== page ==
Pretty much everybody thinks they’re better than average. But in some cultures, people are more self-aggrandizing than in others. Until now, national differences in “self-enhancement” have been chalked up to an East-West individualism-versus-collectivism divide. In the West, where people value independence, personal success, and uniqueness, psychologists have said, self-inflation is more rampant. In the East, where interdependence, harmony, and belonging are valued, modesty prevails.Now an analysis of data gathered from 1,625 people in 15 culturally diverse countries finds a stronger predictor of self-enhancement: economic inequality.
“We don’t know the precise mechanism, but it seems unlikely that it is primarily an East-West difference,” says University of Kent research associate Steve Loughnan. “It’s got to do with how your society distributes its resources.” The study — whose 19 collaborators represent 16 universities around the globe — will be published in an upcoming issue of Psychological Science, a journal of the Association for Psychological Science.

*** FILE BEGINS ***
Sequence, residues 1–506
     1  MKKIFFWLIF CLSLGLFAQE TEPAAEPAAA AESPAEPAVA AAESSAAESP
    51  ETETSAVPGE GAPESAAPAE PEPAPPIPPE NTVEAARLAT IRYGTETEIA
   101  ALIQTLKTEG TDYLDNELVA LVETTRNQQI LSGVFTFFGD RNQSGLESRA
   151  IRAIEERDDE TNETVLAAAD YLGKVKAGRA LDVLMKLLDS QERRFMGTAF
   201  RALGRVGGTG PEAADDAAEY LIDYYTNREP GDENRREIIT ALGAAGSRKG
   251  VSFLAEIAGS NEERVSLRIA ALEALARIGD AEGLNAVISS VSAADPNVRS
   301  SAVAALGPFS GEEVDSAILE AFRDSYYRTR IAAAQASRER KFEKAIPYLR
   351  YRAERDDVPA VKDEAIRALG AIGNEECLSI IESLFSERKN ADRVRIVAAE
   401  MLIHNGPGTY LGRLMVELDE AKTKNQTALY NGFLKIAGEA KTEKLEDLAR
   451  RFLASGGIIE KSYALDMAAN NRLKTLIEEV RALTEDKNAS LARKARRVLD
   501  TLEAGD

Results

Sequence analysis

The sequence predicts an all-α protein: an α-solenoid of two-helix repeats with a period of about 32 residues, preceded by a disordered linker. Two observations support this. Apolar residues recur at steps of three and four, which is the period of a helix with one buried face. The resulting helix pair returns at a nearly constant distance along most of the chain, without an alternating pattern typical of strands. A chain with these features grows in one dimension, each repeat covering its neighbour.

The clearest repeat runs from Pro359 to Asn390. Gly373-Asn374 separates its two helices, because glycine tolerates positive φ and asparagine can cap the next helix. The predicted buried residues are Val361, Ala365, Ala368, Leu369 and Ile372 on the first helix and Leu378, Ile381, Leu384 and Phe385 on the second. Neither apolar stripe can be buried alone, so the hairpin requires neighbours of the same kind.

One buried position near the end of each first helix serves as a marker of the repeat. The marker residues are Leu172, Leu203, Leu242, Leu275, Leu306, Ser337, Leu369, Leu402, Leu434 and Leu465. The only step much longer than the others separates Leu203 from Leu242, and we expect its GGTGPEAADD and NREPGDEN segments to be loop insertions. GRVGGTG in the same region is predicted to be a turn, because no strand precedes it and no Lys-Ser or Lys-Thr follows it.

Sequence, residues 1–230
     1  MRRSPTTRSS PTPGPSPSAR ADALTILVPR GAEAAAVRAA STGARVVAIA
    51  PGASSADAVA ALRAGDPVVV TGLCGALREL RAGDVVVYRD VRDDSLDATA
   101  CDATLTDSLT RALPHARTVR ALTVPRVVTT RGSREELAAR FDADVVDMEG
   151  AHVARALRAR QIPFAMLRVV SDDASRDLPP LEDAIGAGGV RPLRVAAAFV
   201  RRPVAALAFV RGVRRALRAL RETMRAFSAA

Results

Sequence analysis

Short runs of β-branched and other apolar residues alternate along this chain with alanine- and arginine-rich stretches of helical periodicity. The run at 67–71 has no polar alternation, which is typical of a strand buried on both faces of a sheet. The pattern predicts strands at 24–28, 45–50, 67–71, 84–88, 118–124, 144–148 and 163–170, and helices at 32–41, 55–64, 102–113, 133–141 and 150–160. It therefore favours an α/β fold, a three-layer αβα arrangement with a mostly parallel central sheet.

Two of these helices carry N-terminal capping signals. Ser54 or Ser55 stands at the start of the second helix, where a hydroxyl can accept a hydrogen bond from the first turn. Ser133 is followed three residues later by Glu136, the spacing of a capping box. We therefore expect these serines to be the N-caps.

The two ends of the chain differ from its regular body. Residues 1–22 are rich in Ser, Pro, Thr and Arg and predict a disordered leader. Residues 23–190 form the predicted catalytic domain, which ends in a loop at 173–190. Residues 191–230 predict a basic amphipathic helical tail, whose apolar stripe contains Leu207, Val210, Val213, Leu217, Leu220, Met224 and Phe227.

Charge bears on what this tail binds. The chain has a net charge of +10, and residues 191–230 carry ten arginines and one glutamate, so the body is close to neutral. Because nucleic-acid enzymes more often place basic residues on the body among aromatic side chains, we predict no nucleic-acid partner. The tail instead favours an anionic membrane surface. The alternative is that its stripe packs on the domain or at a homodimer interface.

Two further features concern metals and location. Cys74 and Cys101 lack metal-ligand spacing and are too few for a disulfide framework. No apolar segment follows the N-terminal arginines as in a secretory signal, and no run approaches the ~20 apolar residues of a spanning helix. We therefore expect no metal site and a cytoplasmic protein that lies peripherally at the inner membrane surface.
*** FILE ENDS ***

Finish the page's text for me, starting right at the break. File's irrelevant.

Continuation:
The study’s participants, university students, were asked to rate themselves from 1 to 7 on various personality traits — how much of it they possessed compared with the average student; and how desirable the trait was. Four versions of the questionnaire listed different traits from among 80; the traits related to agreeableness, conscientiousness, extroversion, open-mindedness, and emotionality. The analytic design adjusted for differing cultural values.
The researchers looked at the correlations between evidence of self-enhancement and the individualism or collectivism of a country, its “power distance” — the preference for an autocratic hierarchy versus relative equality of power — and its level of economic inequality.
What they found: Virtually everywhere, people rate themselves above average. But the more economically unequal the country, the greater was its participants’ self-enhancement.
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